He moved to Bombay in the 1970s and started writing scripts and dialogues for Hindi films, in the next decade or so, he worked for over 75 feature films, which include films like Gulzar's Aandhi, based on his novel Kaali Aandhi, Mausam; Basu Chatterjee's Rajnigandha, Chhoti Si Baat, Rang Birangi and Ravi Chopra's thriller, The Burning Train. In fact, reminiscing his works noted poet-director, Gulzar said that "in 'Kitne Pakistan'... there is a description where a handkerchief falls off the bridge; I always used to tell him that I could write a complete short story on this one line only.".[8] He won the 1979 Filmfare Award for Best Screenplay for Pati Patni Aur Woh, directed by B. R. Chopra.[9]


By the late 1970s, he had made his first short TV film the "Jamuna Bazar", near river Yamuna in Delhi, and soon switched to television scriptwriting, and eventually became the 'Additional Director General' of Doordarshan, India's national television channel, (1980–82), during his tenure, in a matter of 24 months, the entire nation was connected with television network.[10]

Over the years, he wrote stories in ten TV serials including Chandrakanta, Aakash Ganga, Yug and Betal Pachisi, as well as popular serials based on literary works such as Darpan and Ek Kahani.[11] He hosted a popular talk show on Doordarshan, Parikrama, started a weekly literary show, Patrika, and also produced and directed several television programs and investigative documentaries on social and political issues for Doordarshan.[12]

Later years[edit]

He was awarded the 2003 Sahitya Akademi Award for his novel based on the Partition of India in 1947, Kitne Pakistan (literally How Many Pakistans? but translated in English as Partitions), which explored the way nations fracture, through an allegorical court trial, wherein historical and political figures are present as witnesses,[13] and the Padma Bhushan in 2005.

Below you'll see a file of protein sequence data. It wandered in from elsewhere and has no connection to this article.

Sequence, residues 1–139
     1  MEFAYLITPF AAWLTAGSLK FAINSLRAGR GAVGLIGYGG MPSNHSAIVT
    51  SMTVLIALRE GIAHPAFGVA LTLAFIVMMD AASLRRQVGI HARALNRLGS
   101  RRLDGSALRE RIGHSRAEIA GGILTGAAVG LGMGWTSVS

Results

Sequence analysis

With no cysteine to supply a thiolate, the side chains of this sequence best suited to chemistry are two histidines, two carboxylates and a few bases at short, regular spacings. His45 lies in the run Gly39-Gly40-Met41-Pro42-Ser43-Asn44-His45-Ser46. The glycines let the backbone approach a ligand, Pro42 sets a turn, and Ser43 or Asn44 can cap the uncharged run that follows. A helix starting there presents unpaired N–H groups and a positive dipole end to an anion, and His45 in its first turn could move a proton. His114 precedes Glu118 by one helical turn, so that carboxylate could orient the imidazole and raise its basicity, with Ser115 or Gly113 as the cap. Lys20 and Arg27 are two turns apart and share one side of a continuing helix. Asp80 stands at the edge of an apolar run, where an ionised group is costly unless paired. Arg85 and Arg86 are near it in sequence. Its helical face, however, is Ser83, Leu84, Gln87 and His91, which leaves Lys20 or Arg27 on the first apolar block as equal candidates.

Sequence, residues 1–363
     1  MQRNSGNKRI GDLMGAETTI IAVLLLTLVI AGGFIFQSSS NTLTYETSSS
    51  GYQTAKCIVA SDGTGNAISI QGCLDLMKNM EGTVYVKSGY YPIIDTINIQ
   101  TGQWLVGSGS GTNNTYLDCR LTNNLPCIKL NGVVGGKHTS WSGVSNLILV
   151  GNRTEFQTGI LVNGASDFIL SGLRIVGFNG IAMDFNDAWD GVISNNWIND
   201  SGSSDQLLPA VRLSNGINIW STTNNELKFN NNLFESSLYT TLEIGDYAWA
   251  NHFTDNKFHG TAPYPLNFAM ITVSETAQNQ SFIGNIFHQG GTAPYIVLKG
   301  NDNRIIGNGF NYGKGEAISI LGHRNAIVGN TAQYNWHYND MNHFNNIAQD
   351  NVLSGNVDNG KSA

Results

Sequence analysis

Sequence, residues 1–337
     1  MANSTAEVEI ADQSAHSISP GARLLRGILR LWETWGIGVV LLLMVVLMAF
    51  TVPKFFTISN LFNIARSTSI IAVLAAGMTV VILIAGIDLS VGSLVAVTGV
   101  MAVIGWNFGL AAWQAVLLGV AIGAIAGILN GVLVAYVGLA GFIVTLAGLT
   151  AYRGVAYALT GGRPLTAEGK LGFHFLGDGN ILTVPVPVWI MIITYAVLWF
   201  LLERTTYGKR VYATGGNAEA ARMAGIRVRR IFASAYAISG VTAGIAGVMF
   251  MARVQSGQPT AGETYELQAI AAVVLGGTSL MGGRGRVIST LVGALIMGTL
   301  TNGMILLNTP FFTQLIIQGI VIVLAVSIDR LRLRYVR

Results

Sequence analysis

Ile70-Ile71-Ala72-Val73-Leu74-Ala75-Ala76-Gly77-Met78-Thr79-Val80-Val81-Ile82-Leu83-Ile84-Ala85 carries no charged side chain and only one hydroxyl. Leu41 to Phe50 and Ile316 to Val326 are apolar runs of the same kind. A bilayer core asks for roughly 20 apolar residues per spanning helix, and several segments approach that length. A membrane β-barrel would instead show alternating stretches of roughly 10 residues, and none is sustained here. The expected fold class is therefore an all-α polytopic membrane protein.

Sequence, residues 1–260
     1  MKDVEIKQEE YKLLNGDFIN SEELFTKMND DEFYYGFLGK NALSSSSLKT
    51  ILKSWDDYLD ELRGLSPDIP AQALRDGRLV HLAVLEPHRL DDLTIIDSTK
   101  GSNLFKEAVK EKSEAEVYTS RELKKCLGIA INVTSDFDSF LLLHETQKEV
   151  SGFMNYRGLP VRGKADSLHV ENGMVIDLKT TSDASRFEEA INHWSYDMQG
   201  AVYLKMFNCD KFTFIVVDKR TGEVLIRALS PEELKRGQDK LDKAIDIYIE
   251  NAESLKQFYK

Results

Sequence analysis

He died on 27 January 2007 at Faridabad[14] following a heart attack, after being in poor health for several years.

A collection of his short stories in English translation, Not Flowers of Henna, was released in 2007.[15]

Literary works[edit]


  • The Street with Fifty-Seven Lanes
  • Not Flowers of Henna
  • Kitne Pakistan, Rajpal & Sons, 2000. (Reprint: 2004, ISBN 81-7028-320-5)
  • Partitions, Penguin Books, 2006. ISBN 0-14-400099-7 (Reprint: 2008, ISBN 978-0-14-306370-4; Presentation)


  • Sara Akash (1969) (dialogue)
  • Badnam Basti (1971) (story)
  • Aandhi (1975) (story)
  • Mausam (1975) (story)
  • Amanush (1975) (dialogue)[4]
  • Chhoti Si Baat (1975) (dialogue & screenplay)
  • Anand Ashram (1977) (dialogue)
  • The Burning Train (1979) (dialogue & screenplay)
  • Ram Balram (1980) (dialogue & screenplay)
  • Saajan Ki Saheli (1981) (dialogue & screenplay)
  • Souten (1983) (dialogue)
  • Rang Birangi (1983) (story)
  • Yeh Desh (1984) (dialogue)
  • Laila (1984) (dialogue & screenplay)
  • Preeti (1986) (dialogue & screenplay)
  • Souten Ki Beti (1989) (dialogue)


  1. ^ "Padma Awards" (PDF). Ministry of Home Affairs, Government of India. 2015. Archived from the original (PDF) on 15 October 2015. Retrieved 21 July 2015.
  2. ^ Kamleshwar.. The Times of India, 29 January 2007.
  3. ^ Authors > Kamleshwar Authors at mapsofindia.
  4. ^ a b c Kamleshwar Writer Profile at abhivyakti-hindi.
  5. ^ a b c Kamleshwar brings out the truth of life The Tribune, 28 December 2003.
  6. ^ Raja Narbansiya, Text in Devnagari script at abhivyakti-hindi.
  7. ^ Kasbe Ka Aadmi Devnagari Text at abhivyakti-hindi.
  8. ^ Kamleshwar, Hindi’s gem.. Archived 26 February 2008 at the Wayback Machine The Indian Express, 29 January 2007.
  9. ^ "Best Screenplay Award". Filmfare Award Official Listings, Indiatimes. Archived from the original on 29 April 2014. Retrieved 28 April 2014.
  10. ^ Kamaleshwar The Tribune, 28 January 2007.
  11. ^ Indiaclub.com Collection Archived 11 May 2008 at the Wayback Machine Kamaleshwar Profile.
  12. ^ Kamleshwar Profile Library of Congress, New Delhi Office.
  13. ^ Sahitya Akademi Awards 1955–2005, Official listings Archived 13 May 2008 at the Wayback Machine 2003, Kitne Pakistan (Novel).
  14. ^ Writer Kamleshwar.. musicmazaa, 29 January 2007.
  15. ^ Katha Book Release The Hindu, 26 March 2007.

External links[edit]